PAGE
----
NBA Cancels Regular Season Games, NBA Players React on Twitter
While there’s still hope that some of the upcoming NBA season can be salvaged, that prospect is looking less and less likely, especially after the recent announcement from NBA Commissioner David Stern concerning the cancellation of the first two weeks of games for the 2011-12 regular season.
Stern, who indicated both sides “remain very, very apart on all issues,” has been taking something of a beating in the media, with the main point of contention being his preference for representing the owners’ interest and treating the players — and the fans — like they don’t matter. It appears as if Stern’s only concern is making sure his owners don’t lose money.
Stern hinted that the owners’ proposals to the players might only get worse so they can recoup losses incurred by the cancellation of games. Many players have long expected the league would wait until the players started missing paychecks to see if the union would settle for a less favorable deal.
There’s much, much more from where that came from, but the bottom line is this, especially after you read what various “sources” have offered; that is, the owners — with David Stern at their backs — want the players to capitulate while giving little to nothing in return. From everything that’s being written, we, as fans, may not see NBA basketball for some time.
And the owners are happy with that, especially if they get what they want from the players.
As is the case, whenever something big like the cancellation of regular season games in a professional sport hits the wires, people, including the players, react. Of course, one of the more popular mediums for these reactions is Twitter, and after the announcement, many players took to their Twitter accounts to let the world know how they feel.
These NBA player tweets did not disappoint. Along with the previous “David Stern” Twitter trend, the reaction towards the NBA establishment is not favorable. First, a couple of highlights from the Stern trend. Unfortunately, some Twitter users have no idea how the “greater than” symbol works:
Unless these guys are on Stern’s side, which is possible, I suppose. The players, however, are not. Not at this time, anyway:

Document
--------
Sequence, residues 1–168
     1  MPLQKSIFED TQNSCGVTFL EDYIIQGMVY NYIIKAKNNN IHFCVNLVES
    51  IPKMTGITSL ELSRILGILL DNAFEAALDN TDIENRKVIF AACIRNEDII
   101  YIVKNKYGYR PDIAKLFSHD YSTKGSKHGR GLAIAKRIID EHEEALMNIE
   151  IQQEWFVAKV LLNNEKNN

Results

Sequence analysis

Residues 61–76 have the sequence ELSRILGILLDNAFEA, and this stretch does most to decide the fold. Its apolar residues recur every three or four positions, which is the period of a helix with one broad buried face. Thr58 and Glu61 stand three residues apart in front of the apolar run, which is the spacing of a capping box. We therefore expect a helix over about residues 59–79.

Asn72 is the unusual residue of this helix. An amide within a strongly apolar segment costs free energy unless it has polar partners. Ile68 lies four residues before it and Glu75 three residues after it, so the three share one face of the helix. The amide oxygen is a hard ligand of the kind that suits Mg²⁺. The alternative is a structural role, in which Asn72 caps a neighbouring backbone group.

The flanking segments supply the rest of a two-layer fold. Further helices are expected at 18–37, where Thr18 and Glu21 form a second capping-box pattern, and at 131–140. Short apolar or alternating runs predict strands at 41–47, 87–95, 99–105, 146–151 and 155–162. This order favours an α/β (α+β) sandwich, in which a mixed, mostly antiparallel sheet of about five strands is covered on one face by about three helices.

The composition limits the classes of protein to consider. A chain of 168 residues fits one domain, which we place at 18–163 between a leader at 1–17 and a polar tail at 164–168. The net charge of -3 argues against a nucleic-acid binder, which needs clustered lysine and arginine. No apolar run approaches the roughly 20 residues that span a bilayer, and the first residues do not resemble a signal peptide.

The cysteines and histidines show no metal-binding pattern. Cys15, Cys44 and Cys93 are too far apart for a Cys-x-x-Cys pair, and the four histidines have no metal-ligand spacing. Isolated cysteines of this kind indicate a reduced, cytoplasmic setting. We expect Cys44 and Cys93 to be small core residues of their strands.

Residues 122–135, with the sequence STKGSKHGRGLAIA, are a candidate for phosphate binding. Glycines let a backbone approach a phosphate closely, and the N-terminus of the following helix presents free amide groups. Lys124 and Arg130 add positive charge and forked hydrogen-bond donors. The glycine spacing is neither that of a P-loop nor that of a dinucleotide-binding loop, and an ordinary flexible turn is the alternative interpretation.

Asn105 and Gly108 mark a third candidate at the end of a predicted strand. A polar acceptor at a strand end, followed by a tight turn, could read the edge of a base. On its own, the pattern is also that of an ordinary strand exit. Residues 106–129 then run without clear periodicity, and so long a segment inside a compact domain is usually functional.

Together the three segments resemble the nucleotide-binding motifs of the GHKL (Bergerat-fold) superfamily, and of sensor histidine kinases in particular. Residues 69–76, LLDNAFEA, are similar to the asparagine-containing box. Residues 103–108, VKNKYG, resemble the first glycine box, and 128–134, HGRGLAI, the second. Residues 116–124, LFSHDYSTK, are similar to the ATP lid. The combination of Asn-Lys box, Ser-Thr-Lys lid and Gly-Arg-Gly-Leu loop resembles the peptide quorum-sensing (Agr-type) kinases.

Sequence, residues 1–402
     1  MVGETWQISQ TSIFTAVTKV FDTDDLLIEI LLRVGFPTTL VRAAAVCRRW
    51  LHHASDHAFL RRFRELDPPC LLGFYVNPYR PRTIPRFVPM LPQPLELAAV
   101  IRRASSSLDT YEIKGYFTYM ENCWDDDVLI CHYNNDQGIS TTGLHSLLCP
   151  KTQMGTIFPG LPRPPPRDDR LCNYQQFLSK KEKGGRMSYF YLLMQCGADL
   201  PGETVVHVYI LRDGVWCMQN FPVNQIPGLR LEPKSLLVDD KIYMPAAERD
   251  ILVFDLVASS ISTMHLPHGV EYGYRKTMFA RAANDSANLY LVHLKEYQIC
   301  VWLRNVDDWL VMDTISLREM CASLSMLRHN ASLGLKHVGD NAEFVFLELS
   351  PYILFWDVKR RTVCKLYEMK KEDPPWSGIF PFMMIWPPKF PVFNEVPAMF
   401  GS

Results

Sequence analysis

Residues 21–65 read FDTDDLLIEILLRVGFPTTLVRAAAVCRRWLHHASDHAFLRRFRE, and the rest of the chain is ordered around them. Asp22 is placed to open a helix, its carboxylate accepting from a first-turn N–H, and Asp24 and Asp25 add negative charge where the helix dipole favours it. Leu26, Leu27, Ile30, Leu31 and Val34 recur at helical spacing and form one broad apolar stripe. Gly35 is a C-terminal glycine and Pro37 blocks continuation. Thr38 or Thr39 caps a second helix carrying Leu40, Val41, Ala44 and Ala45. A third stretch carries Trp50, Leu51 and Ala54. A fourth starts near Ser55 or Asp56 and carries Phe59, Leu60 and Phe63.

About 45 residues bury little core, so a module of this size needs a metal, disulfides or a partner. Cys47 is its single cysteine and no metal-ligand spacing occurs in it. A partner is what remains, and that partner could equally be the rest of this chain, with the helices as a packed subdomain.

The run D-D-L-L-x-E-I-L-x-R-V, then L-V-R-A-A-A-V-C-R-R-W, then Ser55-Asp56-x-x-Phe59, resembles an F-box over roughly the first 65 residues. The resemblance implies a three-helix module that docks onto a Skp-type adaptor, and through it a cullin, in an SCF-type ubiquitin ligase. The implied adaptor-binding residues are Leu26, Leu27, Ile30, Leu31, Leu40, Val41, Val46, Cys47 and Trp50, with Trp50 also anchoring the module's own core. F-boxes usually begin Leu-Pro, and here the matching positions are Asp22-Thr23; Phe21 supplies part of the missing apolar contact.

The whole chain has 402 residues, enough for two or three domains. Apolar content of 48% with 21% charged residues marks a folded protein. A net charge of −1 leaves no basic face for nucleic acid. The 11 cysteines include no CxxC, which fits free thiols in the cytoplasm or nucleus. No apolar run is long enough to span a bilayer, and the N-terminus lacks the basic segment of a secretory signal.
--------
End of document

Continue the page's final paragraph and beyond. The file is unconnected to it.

If you aren’t aware, Derek Fisher is the president of the National Basketball Players Association, meaning he’s the main representative of NBA players in these discussions. Reaction from the players continues:
Genuinely sorry to all the employees in and around NBA arenas losing work.
Thanks for the overwhelming support today guys. You know we want to play & you understand the propaganda/misinformation from the owners.
Nash’s sentiment towards those who are employed by NBA teams for concessions and other duties has been echoed by many players:
Up early in the morning thinking bout all the people affected by the decision made. All I can say is this a damn shame.
#lockout, I’m sorry you have to deal with this!All the NBA arena employees, businesses and people who are being negatively affected by this
We understand owners have to make $ and that is what its all come down too. We just want to play. The following ppl are the 1s who get hurt:
Ticket ushers, local bars/clubs/food, police officers, security, in arena food and drink, hotels,local small businesses,should I keep going?
STERN’s “WORDS” 2day hurt the ppl who work at the AAA,other arena’s,as well as local businesses &our fans..
If they weren’t apologizing to the employees who won’t be working, the players were either expressing their disappointment, clarifying misinformation, or simply apologizing to the fans for the cancellation announcement:
Those are the one’s who are affected by STERN’s “WORDS” 2day..its a Lockout-NOT a Strike..
Had big expectation for today’s meeting. Really dissapointed
I want to let our fans know we can’t spell US without U! Thx so much for the support during this lockout. Hopefully we’ll have bball soon.
Even though the players seem to be united, it won’t make much difference to the owners who feel their basketball franchise should be a guarantee of massive profits, and are willing to sacrifice an entire season to get their way. It also appears as if the NBA players aren’t nearly as organized as the NFL union was, who, at this point, had already filed to decertify their union. As far as the NBA players union goes, besides a letter from a group of agents who mentioned the option of decertification — something they already backed off of — the players haven’t made such a move, one the owners apparently fear.
For those of you looking for an answer concerning the return of the NBA, sorry, you won’t find any here.